The Cases For And Against Trading Kevin Kiermaier
By Thomas Swan
Kevin Kiermaier has been a great story in an otherwise bleak Tampa Bay Rays season. The rookie has impressed so far, hitting .264/.315/.450 in 104 games while also playing solid defense. That said, the Rays have an outfield surplus, and it is likely that at least one of them will be traded his offseason. Here are the cases for and against trading Kiermaier.
Why The Rays Should Trade Kevin Kiermaier
Kiermaier has come in and set the world on fire. His defense and surprising pop has made Rays fans forget about Sam Fuld. Well, Rays fans, I’m sorry but this is as good as it will get. His defense is great, but the Rays need an impact bat and it isn’t likely that Kiermaier will ever become that. He is neither powerful enough to be a middle of the order hitter nor is he discriminating enough to lead off for the Rays.
As has been documented, the Rays need someone to add some speed in the leadoff spot. While Kiermaier’s raw speed is good, he isn’t a great base stealer, and he has significant work to do if he ever wants to become one. This year, Kiermaier has stolen only five bases and has been thrown out four times.
If, as my colleague Drew Jenkins noted in a recent article, the Rays can use Kiermaier as a part of a possible piece in a trade that could net someone like Evan Gattis of the Atlanta Braves, they would be fools not to jump at that. Especially given Wil Myers’ recent struggles, Evan Longoria is the Rays’ only reliable middle-of-the-order bat, and adding someone like Gattis would be a major improvement of the Rays’ current options.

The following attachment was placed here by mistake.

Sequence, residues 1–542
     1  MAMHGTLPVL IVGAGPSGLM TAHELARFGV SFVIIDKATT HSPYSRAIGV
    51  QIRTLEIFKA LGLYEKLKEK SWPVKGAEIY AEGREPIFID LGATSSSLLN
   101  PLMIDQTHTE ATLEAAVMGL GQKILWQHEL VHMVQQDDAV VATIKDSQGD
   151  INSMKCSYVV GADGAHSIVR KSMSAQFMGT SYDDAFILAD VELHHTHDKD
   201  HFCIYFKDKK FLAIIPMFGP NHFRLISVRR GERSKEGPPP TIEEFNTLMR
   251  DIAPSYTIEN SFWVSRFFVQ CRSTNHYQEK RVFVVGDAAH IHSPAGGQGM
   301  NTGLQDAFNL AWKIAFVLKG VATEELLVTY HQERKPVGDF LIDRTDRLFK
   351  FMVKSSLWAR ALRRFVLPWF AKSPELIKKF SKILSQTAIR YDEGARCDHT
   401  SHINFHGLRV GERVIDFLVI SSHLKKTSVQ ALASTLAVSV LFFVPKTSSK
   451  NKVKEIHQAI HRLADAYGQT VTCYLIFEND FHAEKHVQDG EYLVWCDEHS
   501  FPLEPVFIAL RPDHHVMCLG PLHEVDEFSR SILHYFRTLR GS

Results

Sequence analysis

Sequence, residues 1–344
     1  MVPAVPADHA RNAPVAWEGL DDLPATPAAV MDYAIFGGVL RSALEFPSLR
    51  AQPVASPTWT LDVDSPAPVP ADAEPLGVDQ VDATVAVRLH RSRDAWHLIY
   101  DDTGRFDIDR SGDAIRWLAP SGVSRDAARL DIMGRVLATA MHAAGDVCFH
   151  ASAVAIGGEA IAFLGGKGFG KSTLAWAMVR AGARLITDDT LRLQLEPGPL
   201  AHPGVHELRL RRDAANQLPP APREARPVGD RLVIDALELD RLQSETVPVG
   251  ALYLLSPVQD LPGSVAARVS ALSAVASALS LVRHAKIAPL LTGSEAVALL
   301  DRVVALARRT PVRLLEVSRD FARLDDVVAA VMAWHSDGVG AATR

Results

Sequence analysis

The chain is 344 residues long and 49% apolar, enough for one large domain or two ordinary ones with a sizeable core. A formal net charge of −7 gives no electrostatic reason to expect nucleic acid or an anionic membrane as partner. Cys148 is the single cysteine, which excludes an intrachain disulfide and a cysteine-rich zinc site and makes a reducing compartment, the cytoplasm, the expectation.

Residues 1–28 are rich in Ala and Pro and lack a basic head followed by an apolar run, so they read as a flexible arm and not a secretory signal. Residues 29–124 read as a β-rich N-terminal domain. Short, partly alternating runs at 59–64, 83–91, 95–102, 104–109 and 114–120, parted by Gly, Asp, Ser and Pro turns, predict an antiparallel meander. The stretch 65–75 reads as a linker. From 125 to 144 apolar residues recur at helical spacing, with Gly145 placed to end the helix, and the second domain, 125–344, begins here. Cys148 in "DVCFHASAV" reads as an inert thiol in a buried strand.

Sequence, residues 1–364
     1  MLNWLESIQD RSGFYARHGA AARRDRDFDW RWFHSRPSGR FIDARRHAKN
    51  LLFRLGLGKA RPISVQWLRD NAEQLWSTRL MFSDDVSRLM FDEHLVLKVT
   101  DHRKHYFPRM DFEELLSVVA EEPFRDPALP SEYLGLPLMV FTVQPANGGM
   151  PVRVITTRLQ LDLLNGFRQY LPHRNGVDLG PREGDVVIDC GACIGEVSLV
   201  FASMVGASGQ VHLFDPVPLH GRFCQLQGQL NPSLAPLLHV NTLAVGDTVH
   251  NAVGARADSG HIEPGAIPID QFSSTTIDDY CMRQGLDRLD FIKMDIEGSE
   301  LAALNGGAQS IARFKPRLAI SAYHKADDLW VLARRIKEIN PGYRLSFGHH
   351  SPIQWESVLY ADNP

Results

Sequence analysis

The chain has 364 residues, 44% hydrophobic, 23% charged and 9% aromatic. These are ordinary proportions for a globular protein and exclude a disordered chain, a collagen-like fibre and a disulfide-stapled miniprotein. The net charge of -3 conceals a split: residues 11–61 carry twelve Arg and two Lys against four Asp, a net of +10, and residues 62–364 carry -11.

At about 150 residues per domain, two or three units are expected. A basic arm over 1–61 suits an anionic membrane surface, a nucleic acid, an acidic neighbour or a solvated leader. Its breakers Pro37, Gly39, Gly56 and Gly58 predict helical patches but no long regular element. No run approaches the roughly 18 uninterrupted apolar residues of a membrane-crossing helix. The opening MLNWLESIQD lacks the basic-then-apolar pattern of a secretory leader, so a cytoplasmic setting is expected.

The Rays have plenty of outfield options. Desmond Jennings doesn’t have Kiermaier’s arm, but he is a good defender in center and is average with the bat. Matt Joyce (if the Rays keep him), David DeJesus, Wil Myers, and Brandon Guyer make up a more-than-capable outfield. Meanwhile, Kiermaier’s value is high after his successful rookie season, and the Rays could take advantage of that given that there is a risk that his bat won’t ever reach these levels again. If they could use him to acquire an impact hitter, the Rays should strongly consider it.
Why The Rays Shouldn’t Trade Kevin Kiermaier
Kevin Kiermaier’s defense wins games. Like a pitcher with a live arm, you cannot just go out and find a defensive centerfielder of Kiermaier’s quality, and the runs he saves will more than make up for his somewhat average bat. Starting out this season, Kiermaier hit above his capabilities, and he’s cooled down to hit just .190 in August and .241 in September. But he has consistently showed enough to make you believe he is a plus defensive outfielder.
This is Kiermaier’s first major league season and his 3.8 fWAR is outstanding. A lot of that is due to his bat, but even if he regresses at the plate, Kiermaier’s defense alone is good enough to make him worth 3.0+ wins above replacement each year. The Rays recognize the value of his defense, and they also understand that it will likely mean he comes cheaper in arbitration than someone who gets their value through offense. Their outfield defense is decent thanks to Jennings, Guyer, and an improved Myers, but if Kiermaier was traded, the Rays’ defense would be significantly hurt. Also, Kiermaier is still under control from five more seasons, two of which will be at the league minimum.
Overall, there are valid arguments for and against trading Kevin Kiermaier. On one hand, the Rays could take advantage of a great rookie season, but on the other hand, his defense is outstanding and he is cheap and controllable. In all likelihood, the Rays will listen to any offers on him, and they will stay true to team tendencies by only moving him if they clearly would win a deal. If they get the chance to acquire a big bat, though, we could definitely see Kiermaier in a different uniform in 2014.